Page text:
This project will feature a fieldwork component run along similar lines to the Khanuy Valley Project between 21st May and 22nd June. I’m also pleased that some of our previous students and volunteers have already asked to join us – such requests help to reassure us that we create the space for a fun and supportive element to our fieldwork and campsites, building friendships and nurturing colleagues beyond our core team of staff. In addition to this core team, the project will collaborate and share resources with the Rock Art and Archaeology: Investigating Ritual Landscapes in the Altai Mountain region of Western Mongolia Project, run by Bill Fitzhugh and Richard Kortum. Working so closely together in the field, when looking at very different aspects of the same cultures, should provide valuable new insights for both teams, as well as new opportunities for our students and volunteers,
The Western Mongolia Archaeology Project has been added to the Project Gallery on my website, and applications are now open for students and volunteers to join us. We’re only taking a small team this year and, although applications are not processed on a first come first served basis, those interested would be best advised to apply as soon as they have made that decision.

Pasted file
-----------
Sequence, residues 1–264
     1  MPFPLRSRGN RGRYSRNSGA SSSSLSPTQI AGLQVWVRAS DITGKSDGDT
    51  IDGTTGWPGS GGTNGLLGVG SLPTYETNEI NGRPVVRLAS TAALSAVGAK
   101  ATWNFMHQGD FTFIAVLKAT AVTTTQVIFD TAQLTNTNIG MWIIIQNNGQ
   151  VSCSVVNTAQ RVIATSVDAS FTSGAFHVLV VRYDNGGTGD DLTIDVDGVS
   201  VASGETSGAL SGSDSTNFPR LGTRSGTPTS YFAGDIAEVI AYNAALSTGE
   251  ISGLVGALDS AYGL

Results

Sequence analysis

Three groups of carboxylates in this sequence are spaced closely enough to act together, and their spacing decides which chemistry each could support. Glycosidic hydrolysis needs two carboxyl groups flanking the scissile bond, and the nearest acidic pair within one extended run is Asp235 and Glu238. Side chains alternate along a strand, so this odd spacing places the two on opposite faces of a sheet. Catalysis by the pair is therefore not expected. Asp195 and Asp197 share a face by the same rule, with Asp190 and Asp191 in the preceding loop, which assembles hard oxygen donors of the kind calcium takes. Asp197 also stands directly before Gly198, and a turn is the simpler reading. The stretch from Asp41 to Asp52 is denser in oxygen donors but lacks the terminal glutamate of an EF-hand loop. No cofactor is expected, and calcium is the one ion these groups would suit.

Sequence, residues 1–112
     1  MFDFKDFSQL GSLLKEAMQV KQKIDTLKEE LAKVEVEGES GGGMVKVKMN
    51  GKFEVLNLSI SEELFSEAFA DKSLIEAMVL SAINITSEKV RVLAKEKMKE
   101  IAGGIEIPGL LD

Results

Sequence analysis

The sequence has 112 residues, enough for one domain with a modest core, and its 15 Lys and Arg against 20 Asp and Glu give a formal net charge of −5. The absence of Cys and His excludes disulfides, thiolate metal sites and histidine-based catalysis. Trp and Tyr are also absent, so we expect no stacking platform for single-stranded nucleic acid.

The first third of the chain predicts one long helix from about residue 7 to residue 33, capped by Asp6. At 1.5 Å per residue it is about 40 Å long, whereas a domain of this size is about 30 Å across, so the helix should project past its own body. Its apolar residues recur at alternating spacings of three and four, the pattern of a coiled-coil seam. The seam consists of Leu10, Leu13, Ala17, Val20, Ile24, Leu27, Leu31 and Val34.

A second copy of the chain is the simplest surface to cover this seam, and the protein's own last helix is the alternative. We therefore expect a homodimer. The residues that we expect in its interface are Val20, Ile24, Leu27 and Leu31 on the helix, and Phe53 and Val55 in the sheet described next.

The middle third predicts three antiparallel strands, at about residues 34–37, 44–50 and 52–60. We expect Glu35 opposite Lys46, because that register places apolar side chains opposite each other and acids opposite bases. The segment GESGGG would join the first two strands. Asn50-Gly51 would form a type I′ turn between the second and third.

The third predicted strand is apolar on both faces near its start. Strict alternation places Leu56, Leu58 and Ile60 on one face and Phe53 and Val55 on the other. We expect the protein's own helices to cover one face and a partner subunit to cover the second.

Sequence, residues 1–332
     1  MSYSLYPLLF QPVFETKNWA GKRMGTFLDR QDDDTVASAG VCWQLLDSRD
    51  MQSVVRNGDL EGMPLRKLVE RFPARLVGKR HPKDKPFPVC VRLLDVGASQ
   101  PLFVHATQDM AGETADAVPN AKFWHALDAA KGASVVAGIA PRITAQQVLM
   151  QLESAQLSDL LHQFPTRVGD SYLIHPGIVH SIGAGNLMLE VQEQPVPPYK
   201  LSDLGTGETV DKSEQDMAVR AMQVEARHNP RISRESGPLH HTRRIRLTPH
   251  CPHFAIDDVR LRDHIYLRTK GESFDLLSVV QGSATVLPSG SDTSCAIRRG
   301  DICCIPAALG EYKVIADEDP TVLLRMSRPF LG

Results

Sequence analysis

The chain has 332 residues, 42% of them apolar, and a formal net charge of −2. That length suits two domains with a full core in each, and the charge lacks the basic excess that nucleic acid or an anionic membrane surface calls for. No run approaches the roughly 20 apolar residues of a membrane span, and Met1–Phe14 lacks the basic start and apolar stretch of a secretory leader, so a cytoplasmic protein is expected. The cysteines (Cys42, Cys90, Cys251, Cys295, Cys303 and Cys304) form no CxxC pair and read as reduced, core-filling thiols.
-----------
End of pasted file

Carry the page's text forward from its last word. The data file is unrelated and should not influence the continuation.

I received a copy of the glossy hardback to the left in the post this morning. It’s a weighty tome, comprising over 600 A4 pages of the most up to date research into the Xiongnu with papers from leading scholars outlining our current understanding of a culture that has seen an increasing amount of academic attention in recent years. It also includes the following article:
Houle, J.-L., Broderick, L.G., 2011. Settlement Patterns and Domestic Economy of the Xiongnu in Khanuy Valley, Mongolia. In Brosseder, U., Miller, B.K., eds. Xiongnu Archaeology – Multidisciplinary Perspectives on the First Steppe Empire in Central Asia. (Bonn Contributions to Asian Archaeology 5). Vor-und Frühgeschichtliche Archäologie, Rheinische Friedrich-Wilhelms-Universität Bonn: Bonn. pp. 137-152